Finally, Anna Mills from the College of Marin in the US brought ethical questions back to the fore. First, reminding us that these new GAI models are designed to output plausible sounding responses, not truth – they don’t care about truth – hence we all need to be mindful to verify any information sourced from GAI tools. Anna then talked about two facets of “AI colonialism”. First, that GAI models are primarily trained on source texts written in the West (and as we know from stats about who writes Wikipedia articles and Reddit posts for example, we can infer a predominance of certain genders and skin colours too – biases feeding biases…), and second, that content moderation is being outsourced to low paid workers in the developing world, an inconvenient truth that isn’t getting enough attention. Anna’s presentation is available under a CC license and is well worth reading in full.

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ALT NE User Group: June 2023

A photo of Durham's lightboard in action
Durham University’s Lightboard, a very cool (but smudgy) piece of tech

Hosted by my lovely colleagues at Durham, this ALT North East meeting began with a discussion of the practice of video assessment. I talked through what we do at Sunderland using Canvas and Panopto, covering our best practice advice and talking through the things which can go wrong. The problem of a VLE having multiple tools for recording / storing video was one such headache shared by all of us, no matter what systems we are using.

We then moved on to a discussion about Turnitin, ChatGPT and AI detection, pretty much a standing item now. Dan shared with us a new tool he has come across, which I’m not going to name or share, which uses AI to autocomplete MCQs. A new front has emerged. Some bravery from Northumbria who must be one of the few HEIs to have opted in to Turnitin’s beta checker, and New College Durham are going all in on the benefits of generative writing to help staff manage their workload by, for example, creating lesson plans for them. A couple of interesting experiments to keep an eye on there.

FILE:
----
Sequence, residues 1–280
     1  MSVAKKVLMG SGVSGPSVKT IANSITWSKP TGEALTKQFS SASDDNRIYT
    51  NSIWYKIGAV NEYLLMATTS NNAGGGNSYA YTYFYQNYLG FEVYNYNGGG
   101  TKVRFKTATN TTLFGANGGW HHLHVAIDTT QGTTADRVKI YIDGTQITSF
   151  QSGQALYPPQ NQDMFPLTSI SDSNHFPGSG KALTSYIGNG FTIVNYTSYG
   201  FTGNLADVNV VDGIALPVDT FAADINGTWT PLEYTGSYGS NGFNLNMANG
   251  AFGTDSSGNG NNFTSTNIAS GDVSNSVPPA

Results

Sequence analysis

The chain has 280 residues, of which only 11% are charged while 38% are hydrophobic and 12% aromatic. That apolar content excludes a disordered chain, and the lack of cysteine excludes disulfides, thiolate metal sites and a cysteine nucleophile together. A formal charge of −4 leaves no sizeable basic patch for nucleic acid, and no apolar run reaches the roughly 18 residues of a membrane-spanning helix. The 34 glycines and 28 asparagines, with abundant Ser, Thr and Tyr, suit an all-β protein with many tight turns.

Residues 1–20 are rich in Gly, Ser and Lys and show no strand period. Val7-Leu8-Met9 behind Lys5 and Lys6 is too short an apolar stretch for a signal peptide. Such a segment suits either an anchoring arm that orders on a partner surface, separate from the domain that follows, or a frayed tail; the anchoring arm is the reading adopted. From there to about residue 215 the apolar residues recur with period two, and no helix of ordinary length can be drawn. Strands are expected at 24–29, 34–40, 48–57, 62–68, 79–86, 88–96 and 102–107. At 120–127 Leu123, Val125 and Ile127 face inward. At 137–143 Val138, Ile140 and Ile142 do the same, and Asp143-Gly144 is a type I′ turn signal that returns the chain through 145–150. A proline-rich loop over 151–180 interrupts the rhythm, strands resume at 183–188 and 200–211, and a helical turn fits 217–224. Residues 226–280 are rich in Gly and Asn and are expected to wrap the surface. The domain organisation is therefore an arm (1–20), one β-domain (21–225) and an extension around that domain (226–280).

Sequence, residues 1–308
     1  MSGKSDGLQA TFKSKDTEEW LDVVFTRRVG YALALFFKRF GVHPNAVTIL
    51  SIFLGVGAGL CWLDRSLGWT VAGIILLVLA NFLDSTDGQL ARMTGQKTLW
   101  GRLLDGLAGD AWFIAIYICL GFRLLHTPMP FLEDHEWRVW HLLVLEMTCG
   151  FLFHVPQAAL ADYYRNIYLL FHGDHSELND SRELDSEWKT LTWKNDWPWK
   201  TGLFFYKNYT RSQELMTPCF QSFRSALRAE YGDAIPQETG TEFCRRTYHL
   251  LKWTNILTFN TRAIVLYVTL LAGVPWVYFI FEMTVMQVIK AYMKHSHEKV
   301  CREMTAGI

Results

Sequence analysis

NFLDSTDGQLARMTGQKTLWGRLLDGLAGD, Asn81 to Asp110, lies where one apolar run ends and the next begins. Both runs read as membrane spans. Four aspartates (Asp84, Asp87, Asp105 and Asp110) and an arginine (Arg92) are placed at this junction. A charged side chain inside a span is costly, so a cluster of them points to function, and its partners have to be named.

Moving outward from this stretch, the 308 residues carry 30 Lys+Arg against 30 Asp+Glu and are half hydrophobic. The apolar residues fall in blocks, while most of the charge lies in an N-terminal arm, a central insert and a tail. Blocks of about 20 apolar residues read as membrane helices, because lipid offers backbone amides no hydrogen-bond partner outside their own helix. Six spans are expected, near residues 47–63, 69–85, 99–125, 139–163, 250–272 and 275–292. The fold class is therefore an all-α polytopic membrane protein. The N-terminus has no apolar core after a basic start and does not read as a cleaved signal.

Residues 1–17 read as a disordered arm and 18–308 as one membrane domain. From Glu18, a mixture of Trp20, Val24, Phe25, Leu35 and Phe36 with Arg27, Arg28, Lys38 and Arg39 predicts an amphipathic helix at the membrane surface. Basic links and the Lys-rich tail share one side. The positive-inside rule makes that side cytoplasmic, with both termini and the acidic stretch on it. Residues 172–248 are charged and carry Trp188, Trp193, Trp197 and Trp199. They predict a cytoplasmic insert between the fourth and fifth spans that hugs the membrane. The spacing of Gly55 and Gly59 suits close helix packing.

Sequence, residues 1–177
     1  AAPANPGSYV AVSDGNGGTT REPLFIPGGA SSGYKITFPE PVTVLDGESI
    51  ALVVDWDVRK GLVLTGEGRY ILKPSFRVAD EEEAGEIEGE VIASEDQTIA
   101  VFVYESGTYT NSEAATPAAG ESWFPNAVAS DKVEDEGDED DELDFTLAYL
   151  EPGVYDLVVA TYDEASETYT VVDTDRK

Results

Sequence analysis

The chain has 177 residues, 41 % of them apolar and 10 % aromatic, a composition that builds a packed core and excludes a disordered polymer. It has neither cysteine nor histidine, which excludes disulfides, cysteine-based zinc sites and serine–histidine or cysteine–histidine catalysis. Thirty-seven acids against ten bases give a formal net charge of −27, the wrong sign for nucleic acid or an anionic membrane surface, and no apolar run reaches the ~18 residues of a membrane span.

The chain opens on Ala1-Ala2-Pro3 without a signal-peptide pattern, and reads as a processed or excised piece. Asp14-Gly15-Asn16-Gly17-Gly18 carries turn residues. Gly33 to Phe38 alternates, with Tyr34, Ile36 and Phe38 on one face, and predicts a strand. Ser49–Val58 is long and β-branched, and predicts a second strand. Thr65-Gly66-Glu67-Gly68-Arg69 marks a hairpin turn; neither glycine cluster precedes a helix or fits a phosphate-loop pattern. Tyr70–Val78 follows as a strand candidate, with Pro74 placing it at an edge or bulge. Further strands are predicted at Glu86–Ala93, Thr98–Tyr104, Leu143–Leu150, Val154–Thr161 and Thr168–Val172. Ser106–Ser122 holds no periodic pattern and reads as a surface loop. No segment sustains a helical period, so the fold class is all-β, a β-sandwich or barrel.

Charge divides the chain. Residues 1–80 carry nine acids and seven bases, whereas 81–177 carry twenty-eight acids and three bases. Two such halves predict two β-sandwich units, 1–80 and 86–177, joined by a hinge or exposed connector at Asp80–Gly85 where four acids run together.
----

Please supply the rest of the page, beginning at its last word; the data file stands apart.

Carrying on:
After lunch we had demonstrations of various tools and toys in Durham’s Digital Playground Lab. This included a Lightboard. This is a really cool and simple piece of tech that lets presenters write on a transparent board between them and the camera using UV pens. I came across this a few years ago, before the pandemic I think, but it’s a strange beast. It’s not a commercial system, but open hardware, so anyone can build one for themselves at little cost. Unfortunately at Sunderland, and I suspect at many bureaucracies, this actually makes it a lot harder to get one than just being able to go to a supplier. So it never happened, but at least today I got to see one live.

Another bespoke system demonstrated was a strip of LED lights around the whiteboard controlled through a web app which allows students to discretely indicate their level of comprehension. We had a short tour of the Playground’s media recording room, watched some video recordings of content created in VR to, for example, show the interaction of the magnetic fields of objects, a demonstration of Visual PDE which is an open source web tool for demonstrating differential equations, and Kaptivo, a system for capturing the content of a whiteboard but not the presenter. You can see the Kaptivo camera in the background of my photo, behind the Lightboard.

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Using AI in Education: A Student Voice

Screenshot showing different results for weather in Egypt on Google and ChatGPT
Screenshot of a search query in Google and ChatGPT